Experiencing Retaliation after Sexual Assault

Submitted by admin on Fri, 12/15/2017 - 20:04

Experiencing retaliation after reporting a sexual assault can be as traumatic as the assault itself.  It takes courage to make a sexual assault report and to share what happened to you with others.  No one deserves to experience retaliation for reporting a heinous crime, and there are legal measures in place to support and protect you if this has occurred or is still occurring. Safe Helpline staff is always available to discuss any concerns you may have about retaliation and can help explore different resources that can provide assistance.

What is Retaliation?

Experiences that may be considered retaliation can vary.  It is important to remember that even if your experiences don’t match one of these definitions, help, and support are still available.  The Department of Defense defines retaliation regarding sexual assault and harassment in its Retaliation Prevention and Response Strategy as the following:

Reprisal: Taking or threatening to take an unfavorable personnel action, or withholding or threatening to withhold a favorable personnel action, for making, preparing to make, or being perceived as making or preparing to make a protected communication.  Examples of reprisal may include:

  • promotion interference
  • unwarranted disciplinary or other corrective action
  • punitive transfer or reassignment
  • unfavorable performance evaluation not supported by performance
  • unfair decision on pay, benefits, awards, or training; non-indicated referral for mental health evaluation
  • other significant downgrades in duties or responsibilities inconsistent with the military member’s grade
     

Ostracism: Wrongfully excluding a military member from social acceptance or membership in (or association with) a group of which such military member was a part or a reasonable person would conclude wanted to be a part, with the intent to inflict emotional distress on the military member and/or discourage reporting of a criminal offense because the perpetrator knew or believed that the member reported or was planning to report a criminal offense.  Examples of ostracism may include:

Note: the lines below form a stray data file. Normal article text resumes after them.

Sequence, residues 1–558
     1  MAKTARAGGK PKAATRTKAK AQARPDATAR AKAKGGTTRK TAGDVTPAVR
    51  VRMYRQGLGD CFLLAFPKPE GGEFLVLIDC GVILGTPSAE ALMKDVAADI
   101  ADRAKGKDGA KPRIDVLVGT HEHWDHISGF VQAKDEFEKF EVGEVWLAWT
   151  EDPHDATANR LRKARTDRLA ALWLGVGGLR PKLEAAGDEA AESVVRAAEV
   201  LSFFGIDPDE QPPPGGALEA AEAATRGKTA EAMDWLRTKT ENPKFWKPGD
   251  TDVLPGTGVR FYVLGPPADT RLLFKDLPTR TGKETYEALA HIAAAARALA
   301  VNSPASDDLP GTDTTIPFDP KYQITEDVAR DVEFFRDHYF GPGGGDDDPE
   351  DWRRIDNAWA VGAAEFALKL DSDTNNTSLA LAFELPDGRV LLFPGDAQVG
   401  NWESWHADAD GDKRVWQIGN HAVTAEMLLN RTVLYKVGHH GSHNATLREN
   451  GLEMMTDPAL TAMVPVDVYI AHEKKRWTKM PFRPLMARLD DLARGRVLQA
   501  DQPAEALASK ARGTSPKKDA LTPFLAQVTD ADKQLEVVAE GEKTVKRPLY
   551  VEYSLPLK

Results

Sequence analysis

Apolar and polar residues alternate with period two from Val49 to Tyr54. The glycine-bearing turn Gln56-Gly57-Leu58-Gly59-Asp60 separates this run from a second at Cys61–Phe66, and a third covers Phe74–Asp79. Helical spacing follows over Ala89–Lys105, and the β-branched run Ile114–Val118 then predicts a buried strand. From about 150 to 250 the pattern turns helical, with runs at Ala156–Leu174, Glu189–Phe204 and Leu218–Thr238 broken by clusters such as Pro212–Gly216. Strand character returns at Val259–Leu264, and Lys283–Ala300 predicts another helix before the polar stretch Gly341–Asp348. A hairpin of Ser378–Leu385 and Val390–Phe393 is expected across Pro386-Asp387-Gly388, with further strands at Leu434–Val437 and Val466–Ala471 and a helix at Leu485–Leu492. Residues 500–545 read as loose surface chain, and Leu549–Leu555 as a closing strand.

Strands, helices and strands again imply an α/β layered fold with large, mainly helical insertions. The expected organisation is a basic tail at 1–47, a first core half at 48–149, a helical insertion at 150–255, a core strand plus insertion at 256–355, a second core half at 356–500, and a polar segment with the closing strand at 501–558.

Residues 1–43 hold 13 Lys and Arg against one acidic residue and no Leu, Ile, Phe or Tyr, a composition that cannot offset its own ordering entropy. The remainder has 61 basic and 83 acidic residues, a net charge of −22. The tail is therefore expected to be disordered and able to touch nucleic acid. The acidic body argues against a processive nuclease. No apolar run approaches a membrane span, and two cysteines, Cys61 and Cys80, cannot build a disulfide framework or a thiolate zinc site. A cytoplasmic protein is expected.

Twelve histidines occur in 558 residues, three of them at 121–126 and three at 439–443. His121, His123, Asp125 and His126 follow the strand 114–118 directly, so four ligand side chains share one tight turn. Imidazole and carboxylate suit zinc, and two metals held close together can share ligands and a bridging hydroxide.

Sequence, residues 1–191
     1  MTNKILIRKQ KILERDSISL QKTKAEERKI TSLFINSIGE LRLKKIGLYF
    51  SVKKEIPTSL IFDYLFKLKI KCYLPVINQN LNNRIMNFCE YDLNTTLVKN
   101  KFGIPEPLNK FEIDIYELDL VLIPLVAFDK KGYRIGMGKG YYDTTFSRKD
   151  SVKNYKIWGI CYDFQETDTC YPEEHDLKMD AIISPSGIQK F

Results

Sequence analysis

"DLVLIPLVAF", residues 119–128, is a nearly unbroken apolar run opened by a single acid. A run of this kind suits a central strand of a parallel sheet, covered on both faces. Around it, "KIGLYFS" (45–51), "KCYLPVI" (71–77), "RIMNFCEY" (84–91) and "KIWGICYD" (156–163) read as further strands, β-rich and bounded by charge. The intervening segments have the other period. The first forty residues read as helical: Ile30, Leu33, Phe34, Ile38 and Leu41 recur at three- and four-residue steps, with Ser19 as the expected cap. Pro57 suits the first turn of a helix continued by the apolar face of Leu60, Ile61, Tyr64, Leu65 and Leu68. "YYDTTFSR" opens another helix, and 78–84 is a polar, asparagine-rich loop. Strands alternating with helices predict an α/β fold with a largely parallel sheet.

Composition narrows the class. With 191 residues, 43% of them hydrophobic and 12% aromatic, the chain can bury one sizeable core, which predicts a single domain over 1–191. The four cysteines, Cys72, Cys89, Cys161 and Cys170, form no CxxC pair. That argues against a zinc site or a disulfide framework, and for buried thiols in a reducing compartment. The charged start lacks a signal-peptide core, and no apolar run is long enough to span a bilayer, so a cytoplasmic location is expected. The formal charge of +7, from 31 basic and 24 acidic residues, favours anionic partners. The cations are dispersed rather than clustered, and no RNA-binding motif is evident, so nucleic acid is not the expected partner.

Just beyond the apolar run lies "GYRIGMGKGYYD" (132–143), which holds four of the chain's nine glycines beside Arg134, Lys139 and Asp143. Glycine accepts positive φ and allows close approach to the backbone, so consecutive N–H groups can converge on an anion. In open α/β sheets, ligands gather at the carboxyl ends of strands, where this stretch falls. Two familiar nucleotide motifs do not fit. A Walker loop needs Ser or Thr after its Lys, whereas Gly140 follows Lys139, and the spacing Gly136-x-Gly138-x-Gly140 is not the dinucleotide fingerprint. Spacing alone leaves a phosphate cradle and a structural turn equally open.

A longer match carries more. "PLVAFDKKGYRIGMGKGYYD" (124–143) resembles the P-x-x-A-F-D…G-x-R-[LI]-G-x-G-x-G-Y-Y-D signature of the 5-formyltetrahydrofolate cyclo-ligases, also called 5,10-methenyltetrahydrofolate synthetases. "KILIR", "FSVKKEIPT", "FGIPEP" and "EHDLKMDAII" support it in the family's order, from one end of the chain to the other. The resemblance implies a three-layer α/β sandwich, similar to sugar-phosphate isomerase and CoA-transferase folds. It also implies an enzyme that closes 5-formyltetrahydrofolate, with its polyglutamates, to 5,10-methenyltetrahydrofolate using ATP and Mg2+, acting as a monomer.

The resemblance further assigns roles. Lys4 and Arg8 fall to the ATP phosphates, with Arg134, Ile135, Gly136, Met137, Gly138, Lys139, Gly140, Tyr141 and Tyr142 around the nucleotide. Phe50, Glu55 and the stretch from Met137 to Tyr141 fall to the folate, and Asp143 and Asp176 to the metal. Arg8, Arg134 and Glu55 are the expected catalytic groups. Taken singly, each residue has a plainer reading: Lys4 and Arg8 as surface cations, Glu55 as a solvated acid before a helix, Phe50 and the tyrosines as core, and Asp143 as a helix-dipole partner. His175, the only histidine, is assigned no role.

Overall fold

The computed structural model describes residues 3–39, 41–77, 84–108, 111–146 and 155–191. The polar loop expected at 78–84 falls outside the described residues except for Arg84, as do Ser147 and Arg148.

• improper exclusion from social acceptance, activities or interactions
  • denying the privilege of friendship due to reporting or planning to report a crime
  • laming and/or subjecting to insults or bullying
     

Cruelty, Oppression, or Maltreatment: Acts of cruelty, oppression, or maltreatment are committed against an individual because the individual reported a criminal offense or was believed to have reported a criminal offense when such acts are taken by those to whose orders the individual is subject.  Cruelty, oppression, and maltreatment are acts that occur without a valid military purpose and may include physical or psychological force or threat or abusive or unjustified treatment that results in physical or mental harm.

Note: You can learn more about the DoD’s Retaliation Prevention and Response Strategy and Implementation Plan here.

How can I report retaliation?

Acts that may be considered retaliation can fall under the purview of your command, the DoD Inspector General, or Law Enforcement. and may require a criminal investigation.  Safe Helpline staff can help explain the different options and resources available, provide support, and help you develop a plan to stay safe if needed.  There are a number of ways you can report concerns about retaliation.

Safe Helpline Military Feedback Form: This form goes directly to DoD SAPRO and is an opportunity for individuals to provide feedback, both positive and negative, regarding their experience.  You can complete this form anonymously or provide as little or as much personal information as you would like.  If you provide information regarding an experience of retaliation as well as your contact information, the information will be provided to the DoD Inspector General.  If you are a member of the Coast Guard, any report of retaliation made to DoD SAPRO using this form that includes your personal contact information will be sent to the Coast Guard Investigative Service (CGIS) Washington Field Office (WFO).

DoD Inspector General (IG): The DoD IG has overall responsibility for the Department's Whistleblower Protection Program and handles all reprisal complaints that involve allegations of sexual assault in the Department of Defense.  To make a report, you can click here to submit a form directly to the DoD IG.

Coast Guard Investigative Service (CGIS) Washington Field Office (WFO): Members of the Coast Guard who have experienced retaliation can report directly to CGIS's WFO by calling 571-228-5414.  Additionally, the Department of Homeland Security (DHS) IG will also accept retaliation complaints as falling within the scope of their responsibilities for Whistleblower protection.  Call 1-800-323-8603 (toll-free) or access the Allegation Form online.

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